Intrusion detection systems (IDS) gained popularity in the 1990s to address weaknesses in computer software. Their detection strategy relies on signatures, which attempt to identify traffic patterns associated with known exploits of documented software vulnerabilities. When IDS detects a known exploit, it sends an alert to the security operations center (SOC) so analysts can investigate its severity.
In the early 2000s, IDS was considered the “source of truth” for the network—so much so that intrusion detection technology became a compliance requirement for the Payment Card Industry Data Security Standard (PCI DSS). Many cyber insurance issuers also require some form of IDS for coverage.
Over the roughly 25 years that IDS solutions have been a part of the security technology landscape, organizations relying on them have grown disillusioned with the technology. They’ve witnessed different attacks sneak past their IDS time and again.
As other security technologies have advanced, many IDS solutions lack the ability to learn. They only know the signatures and exploits included as part of their detection methodology. The threat landscape has evolved so much that decades-old signature detection only tells at best part of the story.
Machine Learning Strengthens Defense
From the beginning of IDS, searching for patterns, tracking behavior, and finding anomalies were required for full-spectrum detection (NIST 800-94). IDS developers understood early patterns, but detecting new behaviors and anomalies proved difficult to achieve in dynamic environments using manual analysis techniques.
Today, machine learning (ML) has become the foundation for delivering what is sorely lacking in threat detection and response solutions: behavioral, anomaly, peer group, and rules-based pattern detections. Machine learning is critically important because it allows the technology to detect both known and unknown attacker tactics, techniques, and procedures (TTP). Sophisticated threat actors will continuously find new and inventive ways to gain access to the network, and standalone IDS without network data has demonstrated it can’t keep up with both known and unknown threats.
Encrypted Data and an Expanding Perimeter
IDS was developed when most network traffic was delivered in cleartext. Today, encryption is the most common tactic for securing data. For example, 95% of Google traffic is encrypted. As a result, IDS is blind to much of the important, the mundane, and the dangerous traffic crossing the perimeter or moving laterally through data centers and cloud infrastructure.
The perimeter surrounding the network also continues to expand, with unmanaged devices and cloud workloads crossing boundaries without any observable security state. These devices can become infected outside of a security team's purview or through alternative communication channels, such as third-party VPN, mobile side channels, or trusted peering networks. These advanced methods are unobservable by outward-facing IDS.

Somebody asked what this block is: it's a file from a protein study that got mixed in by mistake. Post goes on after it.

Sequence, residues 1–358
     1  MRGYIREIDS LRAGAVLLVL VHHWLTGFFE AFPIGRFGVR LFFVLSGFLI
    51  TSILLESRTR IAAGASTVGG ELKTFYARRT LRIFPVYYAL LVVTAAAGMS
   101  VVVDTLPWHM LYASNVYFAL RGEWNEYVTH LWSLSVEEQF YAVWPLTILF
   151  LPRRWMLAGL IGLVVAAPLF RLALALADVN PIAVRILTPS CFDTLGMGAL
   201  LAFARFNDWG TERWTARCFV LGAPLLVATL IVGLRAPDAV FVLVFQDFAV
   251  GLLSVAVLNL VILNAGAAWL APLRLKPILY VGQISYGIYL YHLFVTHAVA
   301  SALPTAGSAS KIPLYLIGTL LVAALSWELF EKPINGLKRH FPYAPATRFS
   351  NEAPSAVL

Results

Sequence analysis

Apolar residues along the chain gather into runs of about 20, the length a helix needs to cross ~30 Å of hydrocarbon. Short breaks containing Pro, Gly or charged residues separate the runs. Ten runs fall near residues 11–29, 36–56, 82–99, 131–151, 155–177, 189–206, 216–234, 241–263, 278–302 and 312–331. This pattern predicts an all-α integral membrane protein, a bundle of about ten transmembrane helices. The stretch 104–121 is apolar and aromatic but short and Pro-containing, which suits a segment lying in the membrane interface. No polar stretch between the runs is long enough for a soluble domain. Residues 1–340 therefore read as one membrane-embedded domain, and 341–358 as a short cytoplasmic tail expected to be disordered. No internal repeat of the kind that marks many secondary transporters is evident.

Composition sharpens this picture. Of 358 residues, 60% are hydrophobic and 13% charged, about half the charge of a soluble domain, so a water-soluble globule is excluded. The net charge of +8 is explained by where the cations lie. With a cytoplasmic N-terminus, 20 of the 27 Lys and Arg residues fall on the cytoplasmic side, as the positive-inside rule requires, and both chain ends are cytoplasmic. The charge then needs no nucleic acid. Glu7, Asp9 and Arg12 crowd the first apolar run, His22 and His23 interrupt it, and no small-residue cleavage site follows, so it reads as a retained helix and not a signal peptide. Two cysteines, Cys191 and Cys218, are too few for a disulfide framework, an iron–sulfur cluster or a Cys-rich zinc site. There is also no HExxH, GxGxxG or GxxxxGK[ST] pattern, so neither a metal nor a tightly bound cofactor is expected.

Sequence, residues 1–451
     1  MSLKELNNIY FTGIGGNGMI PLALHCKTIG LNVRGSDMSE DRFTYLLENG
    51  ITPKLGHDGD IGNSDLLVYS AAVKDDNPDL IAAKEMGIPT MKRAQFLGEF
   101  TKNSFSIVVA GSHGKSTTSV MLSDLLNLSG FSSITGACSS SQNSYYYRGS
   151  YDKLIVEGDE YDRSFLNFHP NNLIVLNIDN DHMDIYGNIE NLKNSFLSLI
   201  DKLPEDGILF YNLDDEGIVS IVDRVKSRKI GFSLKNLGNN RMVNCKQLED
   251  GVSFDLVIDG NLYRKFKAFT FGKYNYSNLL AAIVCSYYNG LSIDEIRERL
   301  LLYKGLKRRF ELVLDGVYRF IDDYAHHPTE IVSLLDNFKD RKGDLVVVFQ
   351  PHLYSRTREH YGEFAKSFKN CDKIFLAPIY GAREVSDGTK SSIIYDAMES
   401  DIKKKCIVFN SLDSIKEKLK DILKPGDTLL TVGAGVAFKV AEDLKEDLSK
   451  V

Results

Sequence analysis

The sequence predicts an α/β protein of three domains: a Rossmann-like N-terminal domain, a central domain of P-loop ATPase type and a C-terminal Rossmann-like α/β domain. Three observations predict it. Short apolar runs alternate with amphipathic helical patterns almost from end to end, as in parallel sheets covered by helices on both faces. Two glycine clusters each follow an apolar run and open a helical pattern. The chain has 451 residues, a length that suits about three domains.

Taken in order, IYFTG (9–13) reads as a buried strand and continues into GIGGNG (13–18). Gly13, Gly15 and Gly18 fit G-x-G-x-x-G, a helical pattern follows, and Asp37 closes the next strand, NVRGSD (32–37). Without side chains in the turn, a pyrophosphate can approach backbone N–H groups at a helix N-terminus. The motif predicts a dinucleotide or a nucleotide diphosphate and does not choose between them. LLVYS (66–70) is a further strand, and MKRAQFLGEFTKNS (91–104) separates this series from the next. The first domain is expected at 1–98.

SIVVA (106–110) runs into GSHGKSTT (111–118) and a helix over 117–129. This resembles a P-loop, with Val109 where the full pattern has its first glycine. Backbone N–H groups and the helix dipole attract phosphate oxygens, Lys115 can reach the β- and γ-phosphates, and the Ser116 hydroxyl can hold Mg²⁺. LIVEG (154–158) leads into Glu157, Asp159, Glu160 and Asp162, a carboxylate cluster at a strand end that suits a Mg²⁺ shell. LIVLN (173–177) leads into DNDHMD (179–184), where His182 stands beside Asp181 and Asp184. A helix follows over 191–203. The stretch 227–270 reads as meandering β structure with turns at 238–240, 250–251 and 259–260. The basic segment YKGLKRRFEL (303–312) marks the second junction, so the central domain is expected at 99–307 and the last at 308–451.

Attacks are More Advanced
Software vulnerabilities were the primary threat consideration when designing IDS, and CVEs continue to be an important security concern. However, attackers now prefer advanced exploitation methods—through social engineering schemes, use of stolen credentials, or human error (misconfigurations)—finding these tactics more effective than swimming in assembly code to develop or buy expensive zero-day exploits.
The defender’s dilemma states that modern attackers only have to get it right once, whereas defenders have to get it right every time to prevent a breach at the perimeter. IDS lacks the defense-in-depth detection backup against attackers sneaking past legacy prevention defenses as they land and pivot toward valuable data.
Legacy IDS inspects traffic as it passes by, looking for a pattern that matches a signature in its library. When it detects a match, IDS triggers an alert. Unfortunately, most IDS stops at alerts, leaving time-strapped analysts to search for root cause with other investigation tools and, in some cases, access another PCAP repository tool for forensic evidence.
These alerts have grown cumbersome for many SOC analysts. The more anomalies get detected, the more alerts are triggered. With a limited set of known detections, unknown signals will repeatedly sound the alarm, which can overwhelm analysts and increase the mean time to resolution.
The Next Evolution of IDS
There have been great improvements in cybersecurity, such as endpoint detection and response (EDR) and security information and event management (SIEM) solutions. However, these technologies still lack the broad visibility needed to improve the quality of alerts and eliminate blindspots.
One solution that can improve IDS functionality is network detection and response (NDR). NDR monitors both north-south and east-west traffic for malicious activity and policy violations. It also utilizes full-spectrum detection powered by ML behavioral analysis and high-risk CVE exploit identification, and combines those capabilities with streamlined incident response workflows.
When SOC analysts can see more, they know more clearly how to stop advanced threats. IDS is long overdue for an upgrade, and the next evolution should include key NDR capabilities to bolster a stronger security posture and maintain compliance requirements.